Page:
In this case the evidence of similarity between the defendants' property and the lots purchased by Carr Drug and by Humble Oil, was not sufficient to require the court to admit evidence of the prices at which they sold. However, the trial judge should have permitted the defendants to insert in the record Galloway's evidence as to how he knew the price Humble Oil Company paid for the lot on Balfour Avenue. Having excepted to the exclusion of the evidence, the defendants were entitled to have the answer of the witness inserted in the record for purposes of review on appeal. However, the defendants' witness Roberts disclosed that the sale to Humble was not a sale on the open market, so the exclusion of Galloway's answer was not prejudicial. Gallimore v. State Highway Comm., 241 N.C. 350, 85 S.E.2d 392; Harmon v. Harmon, 245 N.C. 83, 95 S.E.2d 355, 63 A.L.R.2d 808; Brown v. W. T. Weaver Power Co., 140 N.C. 333, 52 S.E. 954, 3 L.R.A.,N.S., 912.

After the defendants had completed their evidence, the plaintiff called as a witness H. R. Trollinger who testified he lived in Asheboro, had been engaged in the appraisal of real estate for 20 years. He had made appraisals for many banks, oil and power companies, city, county, State and Federal agencies, and private individuals. He gave as his opinion the fair market value of the Pearce property immediately before March 8, 1962, was $45,996.00. The value of the remaining property immediately after the appropriation was $39,450.00. On cross-examination, the witness testified he had appraised approximately 180 parcels of land for the State. The attorney for the Highway Commission argued to the jury that Mr. Trollinger had appraised more than 180 parcels for the Highway Commission which had settled with the majority of the owners on the basis of his appraisals. The court promptly and properly sustained the defendants' objection to the argument and cautioned the jury not to consider it. We must assume the jury heeded the instruction and did not consider it to the defendants' prejudice.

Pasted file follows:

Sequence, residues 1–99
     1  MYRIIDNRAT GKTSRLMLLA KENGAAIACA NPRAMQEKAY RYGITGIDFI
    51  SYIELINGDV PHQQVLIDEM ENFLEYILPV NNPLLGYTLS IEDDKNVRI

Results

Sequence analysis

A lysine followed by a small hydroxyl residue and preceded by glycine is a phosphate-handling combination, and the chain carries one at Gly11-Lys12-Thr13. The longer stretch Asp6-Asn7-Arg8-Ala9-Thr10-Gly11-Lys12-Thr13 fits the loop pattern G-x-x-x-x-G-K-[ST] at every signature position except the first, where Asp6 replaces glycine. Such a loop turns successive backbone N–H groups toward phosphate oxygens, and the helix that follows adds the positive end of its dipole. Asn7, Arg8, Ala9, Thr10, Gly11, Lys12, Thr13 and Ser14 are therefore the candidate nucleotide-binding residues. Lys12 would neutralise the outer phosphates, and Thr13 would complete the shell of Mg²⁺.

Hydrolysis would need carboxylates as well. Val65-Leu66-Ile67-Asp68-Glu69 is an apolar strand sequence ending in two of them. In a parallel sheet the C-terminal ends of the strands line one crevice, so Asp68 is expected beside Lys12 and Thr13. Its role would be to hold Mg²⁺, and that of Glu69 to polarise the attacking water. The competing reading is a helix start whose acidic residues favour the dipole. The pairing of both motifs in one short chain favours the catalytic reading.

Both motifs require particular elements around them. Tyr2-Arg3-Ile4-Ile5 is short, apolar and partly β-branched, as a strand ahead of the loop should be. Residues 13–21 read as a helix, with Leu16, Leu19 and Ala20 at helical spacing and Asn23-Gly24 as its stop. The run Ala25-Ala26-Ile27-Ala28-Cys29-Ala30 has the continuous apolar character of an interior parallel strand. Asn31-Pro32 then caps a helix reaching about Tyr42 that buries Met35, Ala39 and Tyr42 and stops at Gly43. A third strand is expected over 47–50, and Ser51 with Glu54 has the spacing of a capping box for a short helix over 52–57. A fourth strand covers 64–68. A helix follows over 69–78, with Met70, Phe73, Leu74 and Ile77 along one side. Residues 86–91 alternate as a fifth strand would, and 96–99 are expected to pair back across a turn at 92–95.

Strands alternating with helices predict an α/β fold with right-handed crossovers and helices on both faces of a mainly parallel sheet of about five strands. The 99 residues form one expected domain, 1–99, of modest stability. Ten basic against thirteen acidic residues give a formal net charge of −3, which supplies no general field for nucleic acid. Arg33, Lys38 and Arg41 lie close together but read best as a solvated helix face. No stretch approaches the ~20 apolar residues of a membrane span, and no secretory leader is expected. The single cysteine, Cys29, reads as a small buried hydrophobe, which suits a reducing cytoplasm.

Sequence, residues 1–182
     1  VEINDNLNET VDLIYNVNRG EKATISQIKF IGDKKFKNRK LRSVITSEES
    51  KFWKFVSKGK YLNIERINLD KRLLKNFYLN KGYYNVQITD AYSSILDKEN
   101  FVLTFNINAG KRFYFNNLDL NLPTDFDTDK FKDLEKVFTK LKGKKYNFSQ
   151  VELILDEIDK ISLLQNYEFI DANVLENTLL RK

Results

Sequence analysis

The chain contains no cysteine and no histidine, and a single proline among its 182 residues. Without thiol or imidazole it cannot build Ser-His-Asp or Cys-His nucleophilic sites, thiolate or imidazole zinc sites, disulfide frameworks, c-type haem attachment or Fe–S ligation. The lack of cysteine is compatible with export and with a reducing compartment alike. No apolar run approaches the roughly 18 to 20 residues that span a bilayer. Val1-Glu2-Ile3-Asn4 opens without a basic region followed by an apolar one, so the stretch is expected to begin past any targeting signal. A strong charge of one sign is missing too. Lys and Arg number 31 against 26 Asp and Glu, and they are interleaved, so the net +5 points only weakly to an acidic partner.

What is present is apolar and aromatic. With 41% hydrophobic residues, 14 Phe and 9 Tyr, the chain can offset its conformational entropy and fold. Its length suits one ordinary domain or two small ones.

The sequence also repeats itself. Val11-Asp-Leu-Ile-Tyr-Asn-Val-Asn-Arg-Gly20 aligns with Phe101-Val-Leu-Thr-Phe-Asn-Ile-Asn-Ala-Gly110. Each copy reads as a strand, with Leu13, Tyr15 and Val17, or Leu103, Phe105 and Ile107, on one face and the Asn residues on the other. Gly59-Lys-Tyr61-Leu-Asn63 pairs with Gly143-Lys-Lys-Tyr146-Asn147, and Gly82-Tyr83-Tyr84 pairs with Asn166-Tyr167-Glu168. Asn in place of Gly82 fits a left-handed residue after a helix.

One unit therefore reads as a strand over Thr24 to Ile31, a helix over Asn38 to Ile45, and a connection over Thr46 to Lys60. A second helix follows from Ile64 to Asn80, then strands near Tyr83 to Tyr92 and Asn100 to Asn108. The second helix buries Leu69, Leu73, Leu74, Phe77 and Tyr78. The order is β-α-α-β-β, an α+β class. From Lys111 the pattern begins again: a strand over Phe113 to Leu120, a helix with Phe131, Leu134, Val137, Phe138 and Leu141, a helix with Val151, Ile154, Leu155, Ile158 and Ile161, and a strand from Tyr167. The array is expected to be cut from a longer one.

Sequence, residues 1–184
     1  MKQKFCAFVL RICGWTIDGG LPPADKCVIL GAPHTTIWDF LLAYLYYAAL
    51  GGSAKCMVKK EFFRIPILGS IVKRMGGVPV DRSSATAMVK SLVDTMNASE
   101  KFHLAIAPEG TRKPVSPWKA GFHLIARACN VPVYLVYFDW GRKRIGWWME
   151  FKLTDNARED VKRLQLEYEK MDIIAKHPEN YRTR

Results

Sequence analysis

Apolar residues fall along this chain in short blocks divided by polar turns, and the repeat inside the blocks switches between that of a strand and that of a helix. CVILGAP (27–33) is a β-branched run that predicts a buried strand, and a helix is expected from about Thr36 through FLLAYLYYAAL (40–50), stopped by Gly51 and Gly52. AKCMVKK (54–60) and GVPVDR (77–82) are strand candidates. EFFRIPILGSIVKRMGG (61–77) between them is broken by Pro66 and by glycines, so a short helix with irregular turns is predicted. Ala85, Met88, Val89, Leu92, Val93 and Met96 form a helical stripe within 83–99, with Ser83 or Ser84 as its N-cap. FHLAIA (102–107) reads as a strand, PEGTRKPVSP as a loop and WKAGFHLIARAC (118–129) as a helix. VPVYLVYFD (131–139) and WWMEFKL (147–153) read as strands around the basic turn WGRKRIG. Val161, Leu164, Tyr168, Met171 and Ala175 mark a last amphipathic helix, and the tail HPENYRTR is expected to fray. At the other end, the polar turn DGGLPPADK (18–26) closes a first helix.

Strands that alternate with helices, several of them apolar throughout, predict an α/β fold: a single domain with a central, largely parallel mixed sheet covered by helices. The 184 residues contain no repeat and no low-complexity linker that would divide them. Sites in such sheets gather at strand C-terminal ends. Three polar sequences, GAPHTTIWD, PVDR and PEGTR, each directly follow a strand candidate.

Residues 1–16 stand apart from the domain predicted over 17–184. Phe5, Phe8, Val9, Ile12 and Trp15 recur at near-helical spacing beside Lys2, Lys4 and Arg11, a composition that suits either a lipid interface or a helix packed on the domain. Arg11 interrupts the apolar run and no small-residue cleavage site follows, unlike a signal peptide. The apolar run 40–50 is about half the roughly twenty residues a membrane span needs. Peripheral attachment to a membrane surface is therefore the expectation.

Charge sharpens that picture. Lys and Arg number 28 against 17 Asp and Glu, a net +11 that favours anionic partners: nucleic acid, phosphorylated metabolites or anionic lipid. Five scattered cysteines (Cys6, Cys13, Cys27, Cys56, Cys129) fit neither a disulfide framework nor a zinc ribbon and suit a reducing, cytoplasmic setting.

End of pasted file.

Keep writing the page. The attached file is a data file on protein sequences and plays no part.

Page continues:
Finally, the defendants contend the court committed prejudicial error by charging the jury: "* * * (T)he measure of damages in such a proceeding as this is the difference between the fair market value of the entire tract of 12 acres immediately before the taking and the fair market value of what is left after the taking of the .35 of an acre in this case. * * * the court has given you * * * the rule of law in determining just what is fair market value of the entire tract before the taking. When all of you have agreed upon that, then you will write the figure down. Then, you will determine what the fair market value of the remaining land is after the taking; write that figure down and subtract one figure from the other; * * * your difference will be your answer."

The defendants contend the evidence disclosed they had begun constructing a building on the remaining portion of the land before the taking and completed it afterwards, which added to the after-taking value; that the jury may have included the completed structure in their value of the remaining portion, thus reducing defendants' damages. However, the evidence of all witnesses fixed before and after value as of the date of the taking. There is no *74 likelihood or reason to suppose the jury failed to understand they were dealing with the value of the whole immediately before the taking and what was left immediately afterwards, as required by G.S. ยง 136-112. The date of the taking was stipulated. Nothing in the charge suggests the defendants were penalized by completing the building which they had previously begun; or that the jury failed to understand the issue before them.

A careful review of the assignments of error fails to disclose any reason in law why the verdict and judgment should be disturbed.

No error.